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York St John University

Theology and Religious Studies with Foundation Year

UCAS Code: V602

Bachelor of Arts (with Honours) - BA (Hons)

Entry requirements


GCSE/National 4/National 5

English Language at grade C or above (or equivalent)

UCAS Tariff

48
100%
Applicants receiving offers

About this course


Course option

4years

Full-time | 2019

Subject

Theology and religious studies

The BA (Hons) programmes with Foundation Year are open to a wide range of students who do not yet have the qualifications to apply for an undergraduate degree programme in Humanities and Social Sciences. You may be a mature student who would like to work towards a degree; or you may have recently left further education without the qualifications required to access the degree programme of your choice. The Foundation Year offers you the opportunity to grow in confidence in academic study through the development of key skills and the exploration of diverse themes and cutting-edge developments in a large array of subject areas in Humanities and Social Sciences. This route offers you a four year (full-time) degree course, which will include opportunities for you to engage with the subject area of your choice, to select from a range of subjects to broaden your knowledge and understanding, and will provide structured study skills support as you build your confidence to study at degree level. Working with tutors from across Humanities and Social Sciences, you will have the opportunity to explore a variety of academic disciplines, encountering a wide range of subjects and ideas. You will engage in a range of teaching and learning activities, including lectures, seminars, group work, workshops and online learning. Passing your first year guarantees progression onto any of our undergraduate degrees offered with an integrated Foundation Year.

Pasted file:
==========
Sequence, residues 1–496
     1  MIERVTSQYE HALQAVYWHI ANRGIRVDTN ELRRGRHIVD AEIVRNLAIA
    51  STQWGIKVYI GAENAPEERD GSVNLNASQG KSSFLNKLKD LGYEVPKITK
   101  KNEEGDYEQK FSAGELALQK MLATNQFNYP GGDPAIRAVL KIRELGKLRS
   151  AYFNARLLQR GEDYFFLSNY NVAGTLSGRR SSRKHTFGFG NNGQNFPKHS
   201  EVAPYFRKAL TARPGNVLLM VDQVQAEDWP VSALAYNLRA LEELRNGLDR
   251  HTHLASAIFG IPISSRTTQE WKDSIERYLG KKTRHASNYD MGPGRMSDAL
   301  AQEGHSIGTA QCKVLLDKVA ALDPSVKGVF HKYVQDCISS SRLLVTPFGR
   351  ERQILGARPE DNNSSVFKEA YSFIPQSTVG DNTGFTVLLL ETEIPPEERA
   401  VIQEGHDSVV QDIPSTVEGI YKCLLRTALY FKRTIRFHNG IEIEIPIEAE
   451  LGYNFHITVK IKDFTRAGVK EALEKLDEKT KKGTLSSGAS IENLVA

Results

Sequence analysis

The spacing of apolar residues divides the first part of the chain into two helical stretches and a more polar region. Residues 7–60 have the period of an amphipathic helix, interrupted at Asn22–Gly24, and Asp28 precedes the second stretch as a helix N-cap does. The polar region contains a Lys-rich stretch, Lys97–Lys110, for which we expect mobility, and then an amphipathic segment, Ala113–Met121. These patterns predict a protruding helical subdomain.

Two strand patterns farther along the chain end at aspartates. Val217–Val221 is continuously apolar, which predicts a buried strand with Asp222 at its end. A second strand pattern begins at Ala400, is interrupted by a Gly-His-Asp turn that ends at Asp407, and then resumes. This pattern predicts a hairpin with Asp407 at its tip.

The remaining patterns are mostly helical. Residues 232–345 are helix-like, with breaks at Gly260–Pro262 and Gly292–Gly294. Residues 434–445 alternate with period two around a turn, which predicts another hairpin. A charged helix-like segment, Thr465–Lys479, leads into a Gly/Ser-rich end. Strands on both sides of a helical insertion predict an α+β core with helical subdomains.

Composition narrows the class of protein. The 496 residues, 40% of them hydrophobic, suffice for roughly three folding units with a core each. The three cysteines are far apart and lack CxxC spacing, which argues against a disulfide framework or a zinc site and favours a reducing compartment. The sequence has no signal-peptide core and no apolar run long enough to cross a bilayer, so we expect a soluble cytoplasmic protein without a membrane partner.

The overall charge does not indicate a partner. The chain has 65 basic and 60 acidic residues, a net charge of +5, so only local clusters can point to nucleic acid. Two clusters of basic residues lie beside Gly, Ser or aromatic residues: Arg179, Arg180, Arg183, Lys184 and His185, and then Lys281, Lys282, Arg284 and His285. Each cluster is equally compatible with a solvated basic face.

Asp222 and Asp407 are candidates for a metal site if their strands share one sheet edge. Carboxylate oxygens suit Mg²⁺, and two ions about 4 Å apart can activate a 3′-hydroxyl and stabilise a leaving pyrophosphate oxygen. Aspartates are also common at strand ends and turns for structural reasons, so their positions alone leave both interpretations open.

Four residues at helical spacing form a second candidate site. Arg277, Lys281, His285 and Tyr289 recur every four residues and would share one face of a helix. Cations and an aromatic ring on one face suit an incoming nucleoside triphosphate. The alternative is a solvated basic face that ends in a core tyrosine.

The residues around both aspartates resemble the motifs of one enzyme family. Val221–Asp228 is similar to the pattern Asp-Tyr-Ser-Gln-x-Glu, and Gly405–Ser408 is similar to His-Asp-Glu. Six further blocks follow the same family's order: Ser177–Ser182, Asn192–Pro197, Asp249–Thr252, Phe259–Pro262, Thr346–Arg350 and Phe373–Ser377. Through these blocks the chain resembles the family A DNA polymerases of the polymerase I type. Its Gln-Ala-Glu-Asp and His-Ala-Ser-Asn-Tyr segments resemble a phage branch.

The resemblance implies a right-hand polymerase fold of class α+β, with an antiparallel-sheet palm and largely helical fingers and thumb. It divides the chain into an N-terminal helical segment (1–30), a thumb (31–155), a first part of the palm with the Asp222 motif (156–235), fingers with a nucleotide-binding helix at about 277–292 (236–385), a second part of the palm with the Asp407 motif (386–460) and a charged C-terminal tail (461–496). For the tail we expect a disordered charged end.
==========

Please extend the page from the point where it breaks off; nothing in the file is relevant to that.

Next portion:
Modules

Modules may include: Level 1: Introduction to Islam; Introduction to Asian Religions; Introduction to Christianity; Values & Virtues: Ethics & Religion; Studying Religion. Level 2: Religion & Human Diversity; Theology: Action & Reflection; Issues in Contemporary Judaism; Christian Theology in the Modern World; Film, Ethics & Theology. Level 3: Contemporary Christianity; Religion & Globalisation; Religion & Myth; Mystical Traditions in the Abrahamic Religions; Independent Research modules.

Tuition fees

Select where you currently live to see what you'll pay:

Channel Islands
£9,250
per year
England
£9,250
per year
EU
£9,250
per year
International
£12,750
per year
Northern Ireland
£9,250
per year
Scotland
£9,250
per year
Wales
£9,250
per year

The Uni


Course location:

York St John University

Department:

Theology and Religious Studies

TEF rating:

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What students say


We've crunched the numbers to see if overall student satisfaction here is high, medium or low compared to students studying this subject(s) at other universities.

76%
low
Theology and religious studies

How do students rate their degree experience?

The stats below relate to the general subject area/s at this university, not this specific course. We show this where there isn’t enough data about the course, or where this is the most detailed info available to us.